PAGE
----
FORMER U.S. President Jimmy Carter is an invaluable free spirit in the Middle East. He has been visiting Lebanon where his Carter Center was providing “free and fair” monitors for the recent elections there (they would be useful in Iran just now) and he spent time in Gaza before returning to the United States. Mr Carter may not have the diplomatic status of appointed envoys but he gets to meet people who matter anyway - President Assad of Syria and the leaders of Hamas in Lebanon and Gaza, for instance.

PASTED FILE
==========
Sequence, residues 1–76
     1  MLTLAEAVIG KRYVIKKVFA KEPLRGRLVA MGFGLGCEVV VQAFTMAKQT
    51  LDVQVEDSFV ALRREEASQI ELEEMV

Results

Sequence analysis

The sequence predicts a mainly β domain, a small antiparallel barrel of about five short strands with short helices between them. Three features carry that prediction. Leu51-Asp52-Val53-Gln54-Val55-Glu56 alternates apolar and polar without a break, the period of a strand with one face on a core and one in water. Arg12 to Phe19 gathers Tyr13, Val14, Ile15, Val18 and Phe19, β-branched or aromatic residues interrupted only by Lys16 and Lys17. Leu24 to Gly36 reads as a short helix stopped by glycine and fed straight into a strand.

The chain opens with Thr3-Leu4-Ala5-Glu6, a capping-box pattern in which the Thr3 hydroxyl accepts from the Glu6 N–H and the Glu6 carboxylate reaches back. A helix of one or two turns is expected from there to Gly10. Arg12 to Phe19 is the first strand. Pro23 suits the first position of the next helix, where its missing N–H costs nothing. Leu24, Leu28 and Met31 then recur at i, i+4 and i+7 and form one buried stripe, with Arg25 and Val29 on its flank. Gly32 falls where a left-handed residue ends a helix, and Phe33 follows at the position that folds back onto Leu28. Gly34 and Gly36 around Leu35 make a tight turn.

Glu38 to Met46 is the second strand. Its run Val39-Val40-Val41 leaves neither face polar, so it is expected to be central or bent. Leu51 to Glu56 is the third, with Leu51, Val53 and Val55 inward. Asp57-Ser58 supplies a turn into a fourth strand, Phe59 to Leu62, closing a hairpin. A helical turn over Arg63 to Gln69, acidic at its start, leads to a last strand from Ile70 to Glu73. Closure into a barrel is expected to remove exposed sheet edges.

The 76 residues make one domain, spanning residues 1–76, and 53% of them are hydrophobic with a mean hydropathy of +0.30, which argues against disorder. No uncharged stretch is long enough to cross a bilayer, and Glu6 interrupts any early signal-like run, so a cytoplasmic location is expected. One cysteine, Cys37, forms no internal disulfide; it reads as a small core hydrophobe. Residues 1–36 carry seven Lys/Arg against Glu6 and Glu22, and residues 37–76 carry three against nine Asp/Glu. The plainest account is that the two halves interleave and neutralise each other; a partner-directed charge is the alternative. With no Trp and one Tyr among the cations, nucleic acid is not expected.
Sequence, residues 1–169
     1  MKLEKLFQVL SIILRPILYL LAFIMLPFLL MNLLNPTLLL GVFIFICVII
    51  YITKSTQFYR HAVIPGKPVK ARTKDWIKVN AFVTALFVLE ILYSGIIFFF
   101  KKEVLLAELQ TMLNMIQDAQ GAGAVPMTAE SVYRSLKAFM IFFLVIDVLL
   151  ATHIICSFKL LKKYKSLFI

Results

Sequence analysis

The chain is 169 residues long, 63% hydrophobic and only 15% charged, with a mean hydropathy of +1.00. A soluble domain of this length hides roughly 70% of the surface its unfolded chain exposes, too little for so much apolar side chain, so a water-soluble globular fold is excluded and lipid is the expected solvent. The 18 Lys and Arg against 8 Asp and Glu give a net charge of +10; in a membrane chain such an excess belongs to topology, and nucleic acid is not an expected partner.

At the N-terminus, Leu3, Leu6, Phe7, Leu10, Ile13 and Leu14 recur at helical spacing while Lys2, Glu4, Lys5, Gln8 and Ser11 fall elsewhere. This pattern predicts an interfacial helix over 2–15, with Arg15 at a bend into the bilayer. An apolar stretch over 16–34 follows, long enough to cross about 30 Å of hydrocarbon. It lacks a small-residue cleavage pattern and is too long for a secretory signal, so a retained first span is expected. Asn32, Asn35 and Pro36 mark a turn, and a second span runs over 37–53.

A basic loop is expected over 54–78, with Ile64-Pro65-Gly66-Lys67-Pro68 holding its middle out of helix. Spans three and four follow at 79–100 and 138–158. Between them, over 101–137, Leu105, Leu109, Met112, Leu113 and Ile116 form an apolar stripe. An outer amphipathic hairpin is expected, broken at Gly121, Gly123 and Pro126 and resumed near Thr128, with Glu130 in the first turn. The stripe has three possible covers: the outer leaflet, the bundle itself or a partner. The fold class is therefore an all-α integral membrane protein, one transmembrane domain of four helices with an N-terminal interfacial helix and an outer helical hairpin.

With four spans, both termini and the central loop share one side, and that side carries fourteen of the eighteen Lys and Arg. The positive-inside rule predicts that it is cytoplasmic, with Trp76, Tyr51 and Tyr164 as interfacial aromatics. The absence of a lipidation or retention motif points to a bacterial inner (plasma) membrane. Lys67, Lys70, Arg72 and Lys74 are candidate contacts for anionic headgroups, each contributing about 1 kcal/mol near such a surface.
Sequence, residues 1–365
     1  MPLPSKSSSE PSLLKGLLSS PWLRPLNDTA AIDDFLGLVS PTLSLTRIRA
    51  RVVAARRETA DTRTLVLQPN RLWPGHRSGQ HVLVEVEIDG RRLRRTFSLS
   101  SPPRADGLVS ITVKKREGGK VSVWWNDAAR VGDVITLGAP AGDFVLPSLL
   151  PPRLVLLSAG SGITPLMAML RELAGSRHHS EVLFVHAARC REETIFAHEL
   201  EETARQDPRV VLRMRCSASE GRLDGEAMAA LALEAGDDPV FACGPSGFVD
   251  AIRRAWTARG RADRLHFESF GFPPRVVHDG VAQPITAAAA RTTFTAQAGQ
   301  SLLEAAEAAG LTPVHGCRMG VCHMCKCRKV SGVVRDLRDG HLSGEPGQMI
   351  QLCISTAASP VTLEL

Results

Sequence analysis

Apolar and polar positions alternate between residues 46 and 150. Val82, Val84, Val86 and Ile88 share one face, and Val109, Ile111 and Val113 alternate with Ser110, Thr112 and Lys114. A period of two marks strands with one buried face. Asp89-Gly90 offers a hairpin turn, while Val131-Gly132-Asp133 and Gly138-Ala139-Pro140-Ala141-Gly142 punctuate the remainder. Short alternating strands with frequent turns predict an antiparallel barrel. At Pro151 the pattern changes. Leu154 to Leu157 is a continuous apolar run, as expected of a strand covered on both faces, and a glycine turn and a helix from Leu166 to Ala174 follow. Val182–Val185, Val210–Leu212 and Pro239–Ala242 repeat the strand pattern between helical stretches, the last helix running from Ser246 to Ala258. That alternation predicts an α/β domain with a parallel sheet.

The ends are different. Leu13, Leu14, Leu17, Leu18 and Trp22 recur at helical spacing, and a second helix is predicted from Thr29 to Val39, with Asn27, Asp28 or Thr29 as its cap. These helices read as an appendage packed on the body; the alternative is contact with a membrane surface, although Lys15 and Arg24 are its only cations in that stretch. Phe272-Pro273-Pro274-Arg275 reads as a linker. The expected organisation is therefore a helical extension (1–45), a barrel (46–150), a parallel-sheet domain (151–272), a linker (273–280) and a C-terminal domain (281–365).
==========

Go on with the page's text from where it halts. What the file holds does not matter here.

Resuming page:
Isamel Haniyeh, who led Hamas in the Palestinian election it won three years ago told Mr Carter that President Obama's Cairo speech had shown “a new tongue, a new language, a new spirit”. At a press conference before his departure Carter went out of his way to emphasise his non-official standing these days. But he said he would be writing a report for the White House anyway which, among other things, would deplore the use by the Israeli forces of American precision weapons to destroy schools, factories and homes in Gaza. He also offered a neat commentary on prime minister Netanyahu's highly qualified offer of statehood for Palestine: “Palestine statehood could not come at the expense of Israeli security, while Israeli security could not come at the expense of Palestine statehood.” Wise words.